For the most part, any essential oil is a great addition to the cleaning products in your home. This oil is no exception, quite the contrary! Next time you make your own multi-purpose cleaner, add a couple of drops of 100% natural Siberian fir essential oil to it to give the mixture natural, but extremely powerful, disinfectant properties.
Using this oil for treating colds is fairly uncomplicated and it’s suitable even for children.
Coughing? Have a sore throat? Try a couple of drops of the oil in a diffuser and inhale for quick relief. According to published research, this remedy can be extremely helpful in combating respiratory problems that are constant companions of colds and flu.
Here’s a quick guide to using this oil to treat colds:
- Use the oil for inhalation (in a diffuser, as the concentration may be excessive in a nebulizer)
- Use it on a hot, damp towel to cover your face with and inhale the vapors until the towel cools down.
- You can also use an aroma pendant to keep your lungs in constant contact with the vapors of this remedy.
- This remedy can help liquefy sputum in the lungs while also having an anti-inflammatory effect on the bronchi. It can also prevent oxidative stress.
Reducing body odor
The fresh, clean scent of this remedy isn’t the only reason why it’s so effective when fighting with unpleasant body odor. It also reduces the number of bacteria that cause sweat odor. If you like the scent of the forest, you’ll definitely like products that contain this oil.
Treating joint injuries
External application of certain essential oils to the area of closed fractures during treatment can help with speeding up healing. Apply the oil three times a day but remember to mix it with a carrier oil (jojoba, coconut) at a 1:1 ratio before applying to the skin.
When applied externally, fir, cypress, and immortelle essential oils increase bone strength. Be sure to mix the essential oils with fatty ones.
Siberian fir oil helps strengthen bones and also relieves painful inflammation during arthritis. Use only after consulting with your doctor, as allergic reactions are possible.
Despite its irritating properties, this oil doesn’t cause active unpleasant symptoms if the dosages are properly observed, and the usual dosages of the oil can’t be called underestimated:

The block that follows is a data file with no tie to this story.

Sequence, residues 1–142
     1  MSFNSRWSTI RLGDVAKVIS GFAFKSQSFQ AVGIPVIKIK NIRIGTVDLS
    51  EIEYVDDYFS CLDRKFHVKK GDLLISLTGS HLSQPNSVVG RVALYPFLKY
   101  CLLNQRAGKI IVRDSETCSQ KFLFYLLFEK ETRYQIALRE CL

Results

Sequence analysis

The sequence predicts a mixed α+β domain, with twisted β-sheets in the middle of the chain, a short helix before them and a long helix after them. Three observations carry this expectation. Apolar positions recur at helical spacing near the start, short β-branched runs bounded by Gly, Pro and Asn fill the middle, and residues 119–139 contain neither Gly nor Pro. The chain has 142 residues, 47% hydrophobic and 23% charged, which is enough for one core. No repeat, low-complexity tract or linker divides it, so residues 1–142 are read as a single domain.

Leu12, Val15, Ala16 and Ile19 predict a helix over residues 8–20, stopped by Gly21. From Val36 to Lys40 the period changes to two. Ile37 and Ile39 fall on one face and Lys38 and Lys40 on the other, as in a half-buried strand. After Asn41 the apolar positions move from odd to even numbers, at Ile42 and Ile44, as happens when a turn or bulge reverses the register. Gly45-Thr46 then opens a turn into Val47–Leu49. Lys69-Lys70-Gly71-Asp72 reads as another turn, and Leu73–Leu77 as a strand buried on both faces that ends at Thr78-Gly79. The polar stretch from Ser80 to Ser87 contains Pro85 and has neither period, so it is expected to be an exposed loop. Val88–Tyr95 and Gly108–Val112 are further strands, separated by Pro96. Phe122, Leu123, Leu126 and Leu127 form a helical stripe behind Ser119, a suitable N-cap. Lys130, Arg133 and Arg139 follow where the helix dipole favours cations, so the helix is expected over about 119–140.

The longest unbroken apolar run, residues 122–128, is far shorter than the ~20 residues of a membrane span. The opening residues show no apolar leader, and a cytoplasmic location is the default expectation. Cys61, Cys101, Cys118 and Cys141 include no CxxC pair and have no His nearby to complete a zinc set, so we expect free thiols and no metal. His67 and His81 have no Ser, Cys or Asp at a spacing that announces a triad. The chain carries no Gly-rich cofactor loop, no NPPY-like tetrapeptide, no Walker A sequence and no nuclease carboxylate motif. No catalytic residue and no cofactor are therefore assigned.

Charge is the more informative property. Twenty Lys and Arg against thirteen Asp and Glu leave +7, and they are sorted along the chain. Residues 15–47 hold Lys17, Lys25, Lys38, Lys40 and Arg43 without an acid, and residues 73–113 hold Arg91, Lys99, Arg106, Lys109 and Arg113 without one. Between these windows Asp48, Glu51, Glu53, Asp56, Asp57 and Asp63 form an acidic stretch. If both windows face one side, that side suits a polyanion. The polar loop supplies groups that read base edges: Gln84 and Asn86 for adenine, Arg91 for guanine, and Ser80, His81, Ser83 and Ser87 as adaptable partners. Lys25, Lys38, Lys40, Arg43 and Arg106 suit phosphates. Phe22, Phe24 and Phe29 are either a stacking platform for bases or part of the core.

- You can ingest this oil only up to twice a day and only mixed with jam, honey vegetable oil. Make sure to wash it down with at least a glass of sour liquid.
- For home aromatization, use the standard amount of 4-5 drops per 161 square feet of space.
- Add 2 to 3 drops to an aroma pendant and use during a cold or flu.
- Use 1-2 drops in an inhalator and inhale for no more than 5 minutes.
- Add 6 to 7 drops to a bath product and use as a psycho-emotional booster or for relieving muscular and neuralgic pains.
- Add 6 to 7 drops to massage lotion or cream for analgesic and general massage.
- Add 12 drops per 0.5 oz of base ointment for pain relief.
- In case of frostbite, add 15 drops to a tablespoon of macadamia oil and apply as a warm bandage.
- Add 4 to 6 drops to 0.5 oz of base product to treat serious skin inflammations or dermatologic issues.
Caution, safety, and side effects
There are many contraindications to the use of this oil, as well as multiple precautions. This is one of the essential oils that is strictly forbidden during pregnancy, in case of kidney pathology, all kinds of ulcers, and gastritis. If it’s is prescribed as a therapeutic agent for ingestion, by no means should it be taken on an empty stomach.
This oil tends to irritate the skin when applied. In some cases, it can cause bronchial cramps, so be sure to do both sensitivity and aerosol tests (apply 1 drop on a handkerchief or cotton swab and inhale the fumes for 2-4 minutes) to identify individual intolerance.
The product must never be applied to the skin in pure undiluted form, even the mildest needle oil. When applied to the skin and mucous membranes, it causes an active cooling sensation up to a frosty burning, and when taken internally, it causes heartburn and nausea, which can be countered with mint tea or plain yogurt.
To clear the airways, use such substitute products as lemon, myrrh, tea tree, or hyssop. If you want to treat nasal congestion and sinus infections but have no Siberian fir tree oil at hand, myrrh or tea tree would do just fine.
In case there’s breathing difficulty due to cold or flu, replace Siberian fir with frankincense, eucalyptus, thyme, or inula. Myrtle, myrrh, and benzoin will also be great substitutes in case of respiratory issues.
To deal with muscular pain, lavender, juniper, ginger, black pepper, or copaiba will also do their job well. To cool your skin, joints, or muscles, use peppermint or rose.
In times of nervous agitation or slight depression, replace Siberian fir with lavender, chamomile, geranium, ylang-ylang, yarrow, valerian, neroli, bergamot, lemon, lemon verbena, Melissa, or marjoram.
Siberian fir is one of those essential oils that have lots of properties, some of which might seem miraculous. There’s no magic though: just natural powers and chemistry. Just always make sure that what you are getting is a 100% natural product with no additives. And as always, consider all the precautions before using this oil.